News item

FAST encourages the North West to ‘Stay Legal’

The Federation Against Software Theft (FAST) is taking its successful ‘Get Software Smart: Stay Legal’ campaign to Bury, mirroring similar initiatives across the UK in recent years. The campaign will see FAST work with other enforcement bodies to train and educate law enforcement officers in the region about how to deal with barriers to stamping out rogue traders.

The launch event, hosted at Bury Town Hall on 14th November, will offer attendees insights on how to master the legal and investigative challenges of tackling software Intellectual Property (IP) crime.

Attendees will have the special opportunity to hear from speakers from a number of key software IP rights holders, including Microsoft, Adobe and Garmin, as well as representatives from the Intellectual Property Office (IPO) and the new elite IP Crime Unit at the City of London Police, the Police Intellectual Property Crime Unit (PIPCU).

Alex Hilton, FAST’s CEO, commented: “Software piracy is sometimes seen as a victimless crime, but the impact of software piracy spreads well beyond the door of the software industry."

Commercially, the value of counterfeit software is estimated to be £1.5 billion in the UK. In other words, £1.5 billion taken out of investment, taken out of the economy and taken out of job creation. We strongly support the focused efforts of law enforcement in bringing criminal prosecutions against those involved in IP crime.

“The role of trading standards officers in clamping down on software theft is vital. But counterfeit software is increasingly difficult to identify as the reproduction of unauthorised copies are often cleverly designed to imitate the manufacturer’s legitimate product so closely that it requires a trained eye to spot the tell-tale signs. Our guest speakers will equip attendees with industry tips and knowledge to better enable them to clamp down on software theft out in the field,” he continued.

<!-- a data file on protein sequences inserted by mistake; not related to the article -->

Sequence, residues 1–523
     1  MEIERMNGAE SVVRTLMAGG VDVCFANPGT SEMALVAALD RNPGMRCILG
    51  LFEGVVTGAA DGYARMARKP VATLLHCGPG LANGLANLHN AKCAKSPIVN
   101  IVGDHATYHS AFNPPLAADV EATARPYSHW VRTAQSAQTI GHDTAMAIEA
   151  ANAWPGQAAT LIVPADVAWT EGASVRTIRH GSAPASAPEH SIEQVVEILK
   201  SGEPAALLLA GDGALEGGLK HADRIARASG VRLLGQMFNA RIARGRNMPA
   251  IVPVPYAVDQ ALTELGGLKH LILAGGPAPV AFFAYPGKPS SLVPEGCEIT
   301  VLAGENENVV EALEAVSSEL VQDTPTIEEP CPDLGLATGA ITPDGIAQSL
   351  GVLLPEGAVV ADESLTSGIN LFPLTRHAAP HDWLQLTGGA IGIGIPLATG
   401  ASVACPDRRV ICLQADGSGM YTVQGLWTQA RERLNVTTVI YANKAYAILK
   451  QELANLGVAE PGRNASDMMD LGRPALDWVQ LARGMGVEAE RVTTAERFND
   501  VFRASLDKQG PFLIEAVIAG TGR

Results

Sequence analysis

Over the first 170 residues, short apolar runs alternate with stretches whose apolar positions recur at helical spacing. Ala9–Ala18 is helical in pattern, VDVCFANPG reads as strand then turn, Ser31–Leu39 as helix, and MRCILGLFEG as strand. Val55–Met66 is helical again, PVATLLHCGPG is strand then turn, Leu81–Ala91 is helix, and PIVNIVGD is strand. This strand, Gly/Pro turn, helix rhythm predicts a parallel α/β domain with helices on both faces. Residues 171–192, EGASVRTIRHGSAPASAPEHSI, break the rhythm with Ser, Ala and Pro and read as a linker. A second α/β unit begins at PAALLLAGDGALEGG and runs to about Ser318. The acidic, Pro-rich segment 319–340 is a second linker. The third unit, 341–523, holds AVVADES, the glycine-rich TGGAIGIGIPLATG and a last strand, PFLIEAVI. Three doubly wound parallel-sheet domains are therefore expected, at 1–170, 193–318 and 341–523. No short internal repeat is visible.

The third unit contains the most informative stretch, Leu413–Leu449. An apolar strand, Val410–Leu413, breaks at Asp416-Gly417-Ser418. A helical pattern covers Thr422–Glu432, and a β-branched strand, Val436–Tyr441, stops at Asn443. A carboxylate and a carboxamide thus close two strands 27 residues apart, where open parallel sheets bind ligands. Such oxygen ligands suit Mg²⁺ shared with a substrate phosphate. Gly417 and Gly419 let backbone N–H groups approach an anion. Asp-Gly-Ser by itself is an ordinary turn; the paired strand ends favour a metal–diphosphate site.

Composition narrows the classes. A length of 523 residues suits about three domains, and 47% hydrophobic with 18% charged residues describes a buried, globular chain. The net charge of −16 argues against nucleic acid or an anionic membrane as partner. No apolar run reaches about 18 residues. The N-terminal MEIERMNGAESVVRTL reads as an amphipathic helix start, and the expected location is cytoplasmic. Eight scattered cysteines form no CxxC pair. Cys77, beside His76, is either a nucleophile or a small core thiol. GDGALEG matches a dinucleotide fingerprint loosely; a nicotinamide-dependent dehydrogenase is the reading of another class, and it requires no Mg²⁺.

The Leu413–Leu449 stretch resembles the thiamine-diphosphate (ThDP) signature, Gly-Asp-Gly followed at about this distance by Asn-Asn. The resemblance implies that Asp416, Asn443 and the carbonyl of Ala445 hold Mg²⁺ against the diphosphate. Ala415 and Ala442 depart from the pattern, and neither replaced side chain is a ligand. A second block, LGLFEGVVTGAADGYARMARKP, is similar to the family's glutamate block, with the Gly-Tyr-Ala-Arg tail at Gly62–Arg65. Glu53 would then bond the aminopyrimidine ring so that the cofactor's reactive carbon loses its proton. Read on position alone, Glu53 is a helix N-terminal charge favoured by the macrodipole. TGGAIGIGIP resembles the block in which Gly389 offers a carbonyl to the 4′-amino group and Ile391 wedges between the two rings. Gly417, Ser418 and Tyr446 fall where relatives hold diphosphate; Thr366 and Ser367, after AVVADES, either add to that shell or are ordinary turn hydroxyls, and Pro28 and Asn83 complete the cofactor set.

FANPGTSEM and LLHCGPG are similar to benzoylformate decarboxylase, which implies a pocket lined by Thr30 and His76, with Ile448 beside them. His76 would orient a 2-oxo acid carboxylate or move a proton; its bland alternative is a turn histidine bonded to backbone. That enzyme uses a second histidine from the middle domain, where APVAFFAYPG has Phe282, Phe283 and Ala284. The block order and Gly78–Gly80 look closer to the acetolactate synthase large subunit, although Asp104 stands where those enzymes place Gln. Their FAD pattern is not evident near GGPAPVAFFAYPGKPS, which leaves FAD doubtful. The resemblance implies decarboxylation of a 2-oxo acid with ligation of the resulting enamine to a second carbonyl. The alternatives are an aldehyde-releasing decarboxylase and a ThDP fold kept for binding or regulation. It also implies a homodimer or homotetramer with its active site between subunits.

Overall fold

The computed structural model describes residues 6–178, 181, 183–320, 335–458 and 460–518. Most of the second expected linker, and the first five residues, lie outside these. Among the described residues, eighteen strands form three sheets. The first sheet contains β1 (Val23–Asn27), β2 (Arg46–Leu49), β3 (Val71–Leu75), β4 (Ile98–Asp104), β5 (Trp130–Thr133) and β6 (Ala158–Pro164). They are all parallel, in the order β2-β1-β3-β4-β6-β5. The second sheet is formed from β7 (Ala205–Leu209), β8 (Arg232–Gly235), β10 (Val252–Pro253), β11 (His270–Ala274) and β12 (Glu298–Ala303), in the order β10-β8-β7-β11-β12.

Rob Stirling, Detective Inspector PIPCU Operations, City of London Police, added: “We must challenge the assumption that software piracy is not a crime. Theft is theft whether it involves physical goods or Intellectual Property. I commend the work of FAST, and their Stay Legal programme, in protecting IP rights, encouraging best practice, and assisting enforcement agencies to uphold the law.”

Adding to the discussions will be a representative of Microsoft, who will describe in detail key differences between genuine and counterfeit software.

Abrahim Bakhtiar (Microsoft UK Digital Crimes Unit Attorney) said: “Microsoft’s Digital Crimes Unit works closely with enforcement bodies, including Trading Standards and FAST to identify and investigate software piracy, analyse products and assist in bringing criminals to justice. Our priority here is to help to ensure a level playing field for our customers and partners by reducing digital crime.  Industry bodies like FAST play a key role in the fight against digital crime; they provide guidance and assistance to the public, they educate businesses on the need to be correctly licensed by using legitimate genuine software and they help to arm trading standards officers with additional skills they can use to uncover software theft”.


For more information, and to register, please visit: or email
Join FAST and its guest speakers:
10.30am – 4.30pm on 14th November 2013
The Elizabethan Suite,
Bury Town Hall,

Speakers to include:
- Julian Heathcote Hobbins, General Legal Counsel, FAST
- Pete Astley, Head of Public Protection, Warrington Borough Council
- Rob Stirling, Detective Inspector PIPCU Operations, City of London Police
- Philippe Brière, Regional Anti-Piracy Manager EMEA, Adobe
- Andrea Pearce, Tasking Co-Ordinator, Intellectual Property Office
- Simon Corke, Associate specialising in IP dispute resolution, Rouse Legal

About FAST 
The Federation Against Software Theft was formed in 1984. FAST is a not-for-profit organisation limited by guarantee and wholly owned by its members. It aims to reduce, restrict and or lessen the incidence of unauthorised dealings in computer software. It works on many fronts to promote software compliance and protect its members’ rights through awareness, enforcement, lobbying and promoting standards and best practice in business.


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